Call of Duty Infinite Warfare features one of the best campaigns in recent years. The story is backed up by excellent writing, high end motion capture and brilliant voice acting. The zombies mode is colorful and provides a zany experience, and also drops its difficulty level by a bit to encourage new players to try it out, however the multiplayer experience is still largely the same.
The game doesn’t feel shy to show off its gorgeous visuals, amazing space locales and some of the best motion capture in the industry. This results into intricately crafted cutscenes that give the game a cinematic feel to it. The experienced is further amped up by excellent voice acting by Brian Bloom, John Marshall Jones and Eric Ladin who take on the roles of Reyes, his mentor Admiral Raines and Private Kashima respectively.
This year’s Call of Duty has changed the formula by opting for an outer-space setting along with Dead Space like zero gravity environments. Before playing the game, I was expecting a rather derivative single player experience. The space setting showcased in the game’s various pre-release marketing materials did not really excite me but after playing through the seven odd hour long campaign I was left pleasantly surprised with the game’s high octane action and cinematics.
As mentioned earlier, you will be traversing zero gravity locations and players are equipped with a boost pack, and a grappling hook that will help you to find your way around. These are subtle gameplay additions that have been added to adapt to the level design used in Infinite Warfare. Most of the missions in the campaign, as expected, end with jet battles in space and that too, without even a single loading screen in sight. Subtle additions like this help to up the ante in a fast paced shooter like Infinite Warfare.
As the commander of this warship you will be calling the shots and ensure that your crew is engaged in an all out warfare against the SDF. The campaign features the franchise’s signature “boots-in-the-ground” gameplay, however much of it takes place in outer space and this is where Jackal, your very own jet fighter comes into play. Taking control of Jackal is rather smooth and the movement limitations are quite free resulting into to a fluid air combat experience. Set amongst beautiful looking visuals, dogfighting is one of the best gameplay elements while you are controlling the Jackal. Given the lack of games that deliver a decent space combat experience, Infinite Warfare succeeds in implementing an exhilarating gameplay time during outer space set pieces. You can also customize the Jackal to your liking and then fly out in crazy missions as the crew salutes you.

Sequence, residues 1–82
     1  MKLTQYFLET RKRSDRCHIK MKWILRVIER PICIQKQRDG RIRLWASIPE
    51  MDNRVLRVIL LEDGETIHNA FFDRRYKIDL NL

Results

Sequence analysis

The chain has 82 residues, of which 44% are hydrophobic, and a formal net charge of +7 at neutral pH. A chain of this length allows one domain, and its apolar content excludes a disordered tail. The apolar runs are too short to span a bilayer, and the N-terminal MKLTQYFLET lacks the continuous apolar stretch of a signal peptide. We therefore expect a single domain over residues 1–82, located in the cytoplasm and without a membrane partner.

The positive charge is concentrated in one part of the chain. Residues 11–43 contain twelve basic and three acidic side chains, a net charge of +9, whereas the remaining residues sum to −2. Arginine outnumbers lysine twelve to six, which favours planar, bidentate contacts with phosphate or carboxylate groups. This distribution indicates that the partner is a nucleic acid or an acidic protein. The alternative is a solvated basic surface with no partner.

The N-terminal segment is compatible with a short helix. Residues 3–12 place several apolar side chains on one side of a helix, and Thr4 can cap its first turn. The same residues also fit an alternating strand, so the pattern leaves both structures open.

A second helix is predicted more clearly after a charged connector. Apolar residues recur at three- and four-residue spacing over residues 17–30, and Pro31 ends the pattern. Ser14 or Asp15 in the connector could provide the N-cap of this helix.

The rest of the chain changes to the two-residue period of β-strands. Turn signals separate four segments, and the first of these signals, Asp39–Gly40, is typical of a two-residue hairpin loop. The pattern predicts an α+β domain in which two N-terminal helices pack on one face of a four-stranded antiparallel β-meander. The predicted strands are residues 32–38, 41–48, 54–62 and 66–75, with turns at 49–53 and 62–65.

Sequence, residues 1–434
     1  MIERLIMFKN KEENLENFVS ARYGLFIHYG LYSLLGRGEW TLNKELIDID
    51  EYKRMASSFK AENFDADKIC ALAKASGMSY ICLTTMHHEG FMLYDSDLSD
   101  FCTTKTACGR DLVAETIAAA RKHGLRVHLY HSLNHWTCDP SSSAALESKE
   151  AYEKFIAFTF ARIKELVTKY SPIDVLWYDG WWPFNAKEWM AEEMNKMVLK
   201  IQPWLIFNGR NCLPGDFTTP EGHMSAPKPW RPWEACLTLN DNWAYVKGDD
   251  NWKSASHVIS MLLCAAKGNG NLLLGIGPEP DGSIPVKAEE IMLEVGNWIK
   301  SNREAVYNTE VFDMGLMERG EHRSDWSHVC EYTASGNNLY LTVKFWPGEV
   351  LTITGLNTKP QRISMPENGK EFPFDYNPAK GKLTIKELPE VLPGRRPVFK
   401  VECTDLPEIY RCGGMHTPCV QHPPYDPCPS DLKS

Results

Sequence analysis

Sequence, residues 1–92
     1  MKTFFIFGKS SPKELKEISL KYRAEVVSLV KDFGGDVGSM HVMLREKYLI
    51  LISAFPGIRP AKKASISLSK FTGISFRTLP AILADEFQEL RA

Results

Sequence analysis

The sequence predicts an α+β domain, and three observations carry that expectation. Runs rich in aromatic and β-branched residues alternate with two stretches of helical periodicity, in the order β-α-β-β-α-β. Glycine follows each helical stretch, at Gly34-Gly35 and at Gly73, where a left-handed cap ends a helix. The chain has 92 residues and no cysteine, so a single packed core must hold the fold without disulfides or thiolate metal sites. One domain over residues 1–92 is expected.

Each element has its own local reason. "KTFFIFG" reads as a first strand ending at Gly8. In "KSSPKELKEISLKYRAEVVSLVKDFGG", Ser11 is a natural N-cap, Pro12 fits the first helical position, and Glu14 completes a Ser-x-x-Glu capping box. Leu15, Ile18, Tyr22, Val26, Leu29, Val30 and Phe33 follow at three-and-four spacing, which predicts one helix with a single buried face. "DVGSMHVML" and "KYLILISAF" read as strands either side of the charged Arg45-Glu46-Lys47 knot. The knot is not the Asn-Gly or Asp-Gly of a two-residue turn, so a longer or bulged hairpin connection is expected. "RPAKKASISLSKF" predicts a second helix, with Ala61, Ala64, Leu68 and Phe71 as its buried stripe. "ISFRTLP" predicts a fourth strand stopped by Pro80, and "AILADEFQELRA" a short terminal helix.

However there is a sense of repetitiveness here which seems to be a trend in recent first person shooter games. You pick your mission, select the type of load-out you are interested in and head out for combat…after a while all of this gets a bit repetitive and breaks the game’s immersion factor. I understand the need for the load-out screens, but for a campaign that is not even going to last for 10 hours, the frequent load-out customization feels like an interruption to action.
Infinite Warfare also features side missions which help to add a bit of variety to the campaign. These usually last around 20 minutes and focus on dogfighting sequences, breaching enemy vessels and a few other optional operations. They aren’t particularly groundbreaking but are intriguing enough to build on the game’s existing plotlines and campaign structure. Hopefully, future Call of Duty games can explore the side missions’ aspect more with a better narrative structure and gameplay variations.
After you are done with the campaign mode, Infinite Warfare has a zombies mode titled “Zombies in Spaceland” which is largely based on Treyarch’s established blueprint. The mode tells the story of four aspiring actors who have come upon a theatre for a audition. The story, as expected, is zany but the biggest change in this year’s iteration seems to be somewhat easier difficulty setting. You are frequently guided with tips and whatever you have earned in the game’s multiplayer experience will carry over to the zombie’s mode making the experience feel much more forgiving than the series’ previous offerings.
Speaking of which, the multiplayer experience of Infinite Warfare seems like a cloned version of what was present in Call of Duty Black Ops 3. This may disappoint or appeal to players depending on which camp you belong to but overall we are looking at a largely similar experience as Black Ops 3. Character movements, boost jumps, wall running and more return in the game’s multiplayer offerings with the class system titled as Combat Rigs which is very similar to Specialist system found in Black Ops 3. The game offers six different types of Combat Rigs ranging from Warfighter to the Phantom, with each of them having specific skills which in turn are specific to the space setting.
However not everything has been merely ripped off from Black Ops 3. Missions Team is a new addition to the Call of Duty multiplayer experience which will encourage you to complete specific objectives and challenges based on your ability such as taking a set number of headshots. As you start completing objectives, your Mission Team will rank up resulting into rewards and unlockables. Unfortunately, the supply drop system still feels largely unbalanced as the game kind of encourages a play to win situation. Infinity Ward have tried to balance it out by including salvage but unlocking your favorite weapons may take a lot of time encouraging microtransactions.